We’re told, again and again, that we’re living in a Golden Age of Television. The evidence for this typically comes down to a handful of shows, most of them airing either on cable (Mad Men, Breaking Bad,) pay-networks (Game of Thrones, True Detective,) or streaming services (Orange is The New Black, House of Cards). What we’re actually living in is a market-driven demographic shift whereby the audience for “serious adult drama” has come to prefer HD TVs, streaming, DVRs and the level of control that comes with it to the theatrical moviegoing experience, thus driving the “serious adult drama” genre to the small screen.
Meanwhile, the networks’ and the cables’ actual bread and butter continues to be reality shows, assembly-line CSI/NCIS/SVU/etc procedurals and dirt-dumb sitcoms – creating an amusing split: There are the “New Golden Age” shows that get big write-ups and think pieces published about them near-constantly by entertainment journos and “regular” shows whose existence largely bypasses the attention of the thinkpiece writers.
I think this is part of why Marvel’s Agents of S.H.I.E.L.D. (which yes, to be clear, took way too long to figure out how to be good) caught such overwhelming critical flack so early on: TV writers obliged to check it out due to its feature film tie-in pedigree who probably hadn’t bothered to watch an NCIS-style network procedural in years. See also: Hannibal, (which I’ll have to get to one of these days) which has polarized (re: “love it or hate it”) audiences and critics with its schlocky B-movie sensibilities i.e. performances that all fall within some range of high camp, garish color palette, gleefully excessive gore and plot points like the serial killer with a mechanical cave-bear exosuit.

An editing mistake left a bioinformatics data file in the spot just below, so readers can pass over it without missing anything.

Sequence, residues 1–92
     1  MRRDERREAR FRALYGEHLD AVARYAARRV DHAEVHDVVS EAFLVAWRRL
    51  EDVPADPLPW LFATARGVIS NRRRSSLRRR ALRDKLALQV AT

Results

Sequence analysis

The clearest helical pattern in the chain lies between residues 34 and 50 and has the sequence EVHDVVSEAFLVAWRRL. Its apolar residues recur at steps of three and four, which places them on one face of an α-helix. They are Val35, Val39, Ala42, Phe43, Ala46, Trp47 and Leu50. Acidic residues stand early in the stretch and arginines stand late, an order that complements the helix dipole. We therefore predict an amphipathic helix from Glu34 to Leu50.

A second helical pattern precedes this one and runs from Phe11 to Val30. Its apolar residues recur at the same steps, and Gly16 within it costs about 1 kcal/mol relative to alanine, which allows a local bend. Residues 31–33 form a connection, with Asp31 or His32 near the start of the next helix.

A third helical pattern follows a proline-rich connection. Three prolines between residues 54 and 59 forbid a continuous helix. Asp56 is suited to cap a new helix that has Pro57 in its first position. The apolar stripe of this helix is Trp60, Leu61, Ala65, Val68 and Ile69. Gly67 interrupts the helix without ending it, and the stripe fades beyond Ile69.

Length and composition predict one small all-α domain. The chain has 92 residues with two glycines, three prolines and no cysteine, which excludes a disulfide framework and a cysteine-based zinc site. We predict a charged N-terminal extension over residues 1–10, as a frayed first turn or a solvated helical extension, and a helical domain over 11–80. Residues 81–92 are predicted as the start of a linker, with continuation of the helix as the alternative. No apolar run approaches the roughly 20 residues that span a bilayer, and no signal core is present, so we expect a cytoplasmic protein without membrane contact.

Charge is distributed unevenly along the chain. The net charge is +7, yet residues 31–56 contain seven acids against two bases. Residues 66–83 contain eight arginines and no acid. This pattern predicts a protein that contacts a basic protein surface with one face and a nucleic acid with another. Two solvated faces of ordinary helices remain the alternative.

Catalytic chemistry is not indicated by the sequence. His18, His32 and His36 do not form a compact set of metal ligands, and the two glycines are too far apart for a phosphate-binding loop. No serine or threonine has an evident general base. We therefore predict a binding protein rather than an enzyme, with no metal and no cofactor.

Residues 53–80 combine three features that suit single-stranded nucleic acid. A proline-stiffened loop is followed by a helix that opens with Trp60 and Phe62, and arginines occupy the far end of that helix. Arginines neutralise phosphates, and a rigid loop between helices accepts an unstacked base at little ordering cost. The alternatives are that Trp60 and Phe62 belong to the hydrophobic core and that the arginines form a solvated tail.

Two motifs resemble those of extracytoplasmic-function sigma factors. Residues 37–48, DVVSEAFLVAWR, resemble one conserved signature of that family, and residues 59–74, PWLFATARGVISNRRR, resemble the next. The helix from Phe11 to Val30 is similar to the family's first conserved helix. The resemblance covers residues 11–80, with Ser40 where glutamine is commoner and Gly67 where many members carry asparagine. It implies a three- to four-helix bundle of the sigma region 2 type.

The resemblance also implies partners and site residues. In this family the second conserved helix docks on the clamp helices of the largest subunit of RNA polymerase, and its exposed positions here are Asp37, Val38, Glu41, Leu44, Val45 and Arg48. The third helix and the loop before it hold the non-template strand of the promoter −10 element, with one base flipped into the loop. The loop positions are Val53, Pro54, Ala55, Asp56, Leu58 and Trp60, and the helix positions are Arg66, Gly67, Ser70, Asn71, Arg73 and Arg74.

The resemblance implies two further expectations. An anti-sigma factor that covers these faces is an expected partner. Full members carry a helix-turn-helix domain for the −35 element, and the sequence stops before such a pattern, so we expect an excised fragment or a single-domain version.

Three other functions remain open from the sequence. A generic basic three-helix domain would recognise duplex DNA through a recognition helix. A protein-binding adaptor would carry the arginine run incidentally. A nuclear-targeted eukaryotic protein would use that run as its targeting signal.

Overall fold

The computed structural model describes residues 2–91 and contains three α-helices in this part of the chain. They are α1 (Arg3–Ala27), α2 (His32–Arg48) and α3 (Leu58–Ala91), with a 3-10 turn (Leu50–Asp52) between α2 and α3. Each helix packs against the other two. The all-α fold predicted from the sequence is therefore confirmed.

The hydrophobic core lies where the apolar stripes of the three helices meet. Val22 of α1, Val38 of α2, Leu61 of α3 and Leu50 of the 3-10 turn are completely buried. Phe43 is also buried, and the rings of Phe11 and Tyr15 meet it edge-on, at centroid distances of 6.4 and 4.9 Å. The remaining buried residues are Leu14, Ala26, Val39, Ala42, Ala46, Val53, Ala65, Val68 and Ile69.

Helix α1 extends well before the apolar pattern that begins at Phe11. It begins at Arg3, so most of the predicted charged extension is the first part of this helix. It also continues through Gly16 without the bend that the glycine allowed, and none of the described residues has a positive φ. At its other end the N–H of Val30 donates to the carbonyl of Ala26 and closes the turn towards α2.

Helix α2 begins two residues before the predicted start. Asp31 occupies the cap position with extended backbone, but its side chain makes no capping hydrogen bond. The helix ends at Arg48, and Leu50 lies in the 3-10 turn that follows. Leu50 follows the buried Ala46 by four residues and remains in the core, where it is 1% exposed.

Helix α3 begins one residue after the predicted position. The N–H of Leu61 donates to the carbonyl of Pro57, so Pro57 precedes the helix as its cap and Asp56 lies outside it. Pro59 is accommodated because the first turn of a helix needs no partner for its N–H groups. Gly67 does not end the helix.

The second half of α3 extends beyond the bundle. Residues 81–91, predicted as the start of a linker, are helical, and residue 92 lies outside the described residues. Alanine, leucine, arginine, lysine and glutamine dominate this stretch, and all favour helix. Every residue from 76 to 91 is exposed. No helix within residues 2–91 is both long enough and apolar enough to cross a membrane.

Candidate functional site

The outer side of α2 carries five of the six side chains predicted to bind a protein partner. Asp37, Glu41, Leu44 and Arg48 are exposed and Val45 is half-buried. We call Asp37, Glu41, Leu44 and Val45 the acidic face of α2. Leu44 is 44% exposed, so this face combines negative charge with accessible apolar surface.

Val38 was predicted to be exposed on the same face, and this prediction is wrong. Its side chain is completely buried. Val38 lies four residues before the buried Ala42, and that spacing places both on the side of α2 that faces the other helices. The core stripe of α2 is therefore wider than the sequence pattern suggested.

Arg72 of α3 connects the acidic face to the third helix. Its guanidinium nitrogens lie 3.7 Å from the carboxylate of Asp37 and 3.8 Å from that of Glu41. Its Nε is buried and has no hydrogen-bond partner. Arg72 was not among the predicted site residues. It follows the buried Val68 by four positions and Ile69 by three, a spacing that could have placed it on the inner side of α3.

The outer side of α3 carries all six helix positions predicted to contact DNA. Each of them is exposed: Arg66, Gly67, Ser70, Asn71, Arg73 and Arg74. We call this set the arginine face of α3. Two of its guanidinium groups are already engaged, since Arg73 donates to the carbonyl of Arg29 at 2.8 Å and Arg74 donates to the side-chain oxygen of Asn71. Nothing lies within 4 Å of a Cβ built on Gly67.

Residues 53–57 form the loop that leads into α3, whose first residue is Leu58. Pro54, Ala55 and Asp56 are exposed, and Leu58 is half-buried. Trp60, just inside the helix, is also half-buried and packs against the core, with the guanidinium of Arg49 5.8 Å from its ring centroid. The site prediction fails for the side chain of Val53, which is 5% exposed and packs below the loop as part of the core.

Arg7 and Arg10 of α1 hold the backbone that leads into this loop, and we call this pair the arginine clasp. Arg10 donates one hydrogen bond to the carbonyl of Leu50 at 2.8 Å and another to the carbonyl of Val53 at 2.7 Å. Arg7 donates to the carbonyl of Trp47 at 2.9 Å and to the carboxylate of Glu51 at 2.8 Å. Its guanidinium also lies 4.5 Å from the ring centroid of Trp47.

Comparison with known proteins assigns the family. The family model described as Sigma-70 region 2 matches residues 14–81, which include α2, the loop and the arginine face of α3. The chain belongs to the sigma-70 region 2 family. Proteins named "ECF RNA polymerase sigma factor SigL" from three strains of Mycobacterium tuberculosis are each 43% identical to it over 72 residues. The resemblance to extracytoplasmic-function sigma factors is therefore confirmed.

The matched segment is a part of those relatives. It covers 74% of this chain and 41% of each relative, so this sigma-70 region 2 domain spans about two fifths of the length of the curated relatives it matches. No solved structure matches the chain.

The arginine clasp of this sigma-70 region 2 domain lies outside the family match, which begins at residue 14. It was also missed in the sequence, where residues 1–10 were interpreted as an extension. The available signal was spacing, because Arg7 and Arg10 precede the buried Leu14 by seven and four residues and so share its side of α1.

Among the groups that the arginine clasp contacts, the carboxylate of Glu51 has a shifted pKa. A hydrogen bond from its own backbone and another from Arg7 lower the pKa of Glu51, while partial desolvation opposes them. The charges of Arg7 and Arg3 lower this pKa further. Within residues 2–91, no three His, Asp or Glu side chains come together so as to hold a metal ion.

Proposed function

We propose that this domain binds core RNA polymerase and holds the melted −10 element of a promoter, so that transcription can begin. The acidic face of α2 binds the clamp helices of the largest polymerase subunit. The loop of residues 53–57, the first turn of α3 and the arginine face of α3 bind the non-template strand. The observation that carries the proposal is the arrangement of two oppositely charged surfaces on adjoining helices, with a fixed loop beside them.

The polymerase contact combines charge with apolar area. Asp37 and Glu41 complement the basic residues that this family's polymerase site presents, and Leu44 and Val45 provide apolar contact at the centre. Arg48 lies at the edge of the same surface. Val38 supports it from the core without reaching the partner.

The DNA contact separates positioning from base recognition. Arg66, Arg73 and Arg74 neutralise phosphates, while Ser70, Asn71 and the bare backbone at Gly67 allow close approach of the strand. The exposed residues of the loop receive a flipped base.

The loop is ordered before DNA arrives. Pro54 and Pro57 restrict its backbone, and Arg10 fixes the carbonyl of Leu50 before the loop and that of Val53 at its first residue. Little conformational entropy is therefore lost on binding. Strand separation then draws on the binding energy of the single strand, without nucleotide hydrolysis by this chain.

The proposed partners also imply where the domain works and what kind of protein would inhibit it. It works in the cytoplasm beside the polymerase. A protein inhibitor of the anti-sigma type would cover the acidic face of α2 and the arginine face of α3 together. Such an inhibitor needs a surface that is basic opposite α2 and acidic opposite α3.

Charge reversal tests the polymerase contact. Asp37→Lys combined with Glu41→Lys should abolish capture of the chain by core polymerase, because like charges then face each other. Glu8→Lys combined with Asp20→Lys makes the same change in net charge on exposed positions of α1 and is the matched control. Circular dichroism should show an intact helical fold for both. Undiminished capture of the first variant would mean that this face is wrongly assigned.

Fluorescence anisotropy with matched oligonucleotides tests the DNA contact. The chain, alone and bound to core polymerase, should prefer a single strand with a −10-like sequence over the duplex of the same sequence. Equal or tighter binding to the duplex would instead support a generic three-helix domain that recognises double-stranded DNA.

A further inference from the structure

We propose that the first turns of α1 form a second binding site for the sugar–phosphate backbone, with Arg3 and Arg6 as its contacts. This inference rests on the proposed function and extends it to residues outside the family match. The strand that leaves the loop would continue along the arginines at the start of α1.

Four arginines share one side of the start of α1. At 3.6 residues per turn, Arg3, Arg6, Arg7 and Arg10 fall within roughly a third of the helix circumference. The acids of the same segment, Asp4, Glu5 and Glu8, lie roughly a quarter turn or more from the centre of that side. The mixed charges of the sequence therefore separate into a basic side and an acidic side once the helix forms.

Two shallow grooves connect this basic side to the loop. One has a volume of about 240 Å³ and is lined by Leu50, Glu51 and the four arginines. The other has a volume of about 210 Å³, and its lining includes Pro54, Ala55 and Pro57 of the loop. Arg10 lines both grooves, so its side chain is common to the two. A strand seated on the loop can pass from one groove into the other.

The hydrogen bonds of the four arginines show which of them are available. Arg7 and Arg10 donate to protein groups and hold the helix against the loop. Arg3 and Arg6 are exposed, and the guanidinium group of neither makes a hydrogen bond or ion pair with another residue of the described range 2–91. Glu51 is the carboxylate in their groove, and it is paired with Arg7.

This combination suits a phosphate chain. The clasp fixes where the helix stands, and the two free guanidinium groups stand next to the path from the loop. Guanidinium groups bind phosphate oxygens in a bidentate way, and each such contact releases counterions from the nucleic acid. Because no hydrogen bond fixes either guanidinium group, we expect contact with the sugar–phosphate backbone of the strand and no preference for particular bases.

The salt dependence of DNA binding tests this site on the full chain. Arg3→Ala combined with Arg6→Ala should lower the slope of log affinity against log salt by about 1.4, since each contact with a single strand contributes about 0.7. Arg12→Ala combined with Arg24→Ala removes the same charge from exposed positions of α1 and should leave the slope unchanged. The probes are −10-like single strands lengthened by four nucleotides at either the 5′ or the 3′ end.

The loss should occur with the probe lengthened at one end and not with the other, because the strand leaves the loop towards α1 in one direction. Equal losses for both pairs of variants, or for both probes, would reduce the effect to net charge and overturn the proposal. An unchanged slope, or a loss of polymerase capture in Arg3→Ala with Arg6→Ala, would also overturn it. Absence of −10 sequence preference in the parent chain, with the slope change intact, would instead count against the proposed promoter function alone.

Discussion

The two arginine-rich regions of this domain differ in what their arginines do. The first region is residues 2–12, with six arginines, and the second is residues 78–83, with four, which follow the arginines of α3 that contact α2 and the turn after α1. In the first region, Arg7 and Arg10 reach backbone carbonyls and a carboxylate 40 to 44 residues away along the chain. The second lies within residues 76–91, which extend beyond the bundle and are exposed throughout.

But in the not too distant past, dedicated television didn’t mean avoiding bad shows – it meant learning to love them. The syndication boom of the 90s (short version: A massive increase in the number of 24-hour channels meant a much lower bar to getting a show on the air, TV’s version of the “straight-to-video” boom) brought high-concept and “camp” back into fashion; starting with Baywatch – which bombed as a network offering but became, for a time, the most popular show in the world in syndication – and finding it’s level with Sam Raimi and Rob Tappert’s trendsetting Hercules and Xena shows.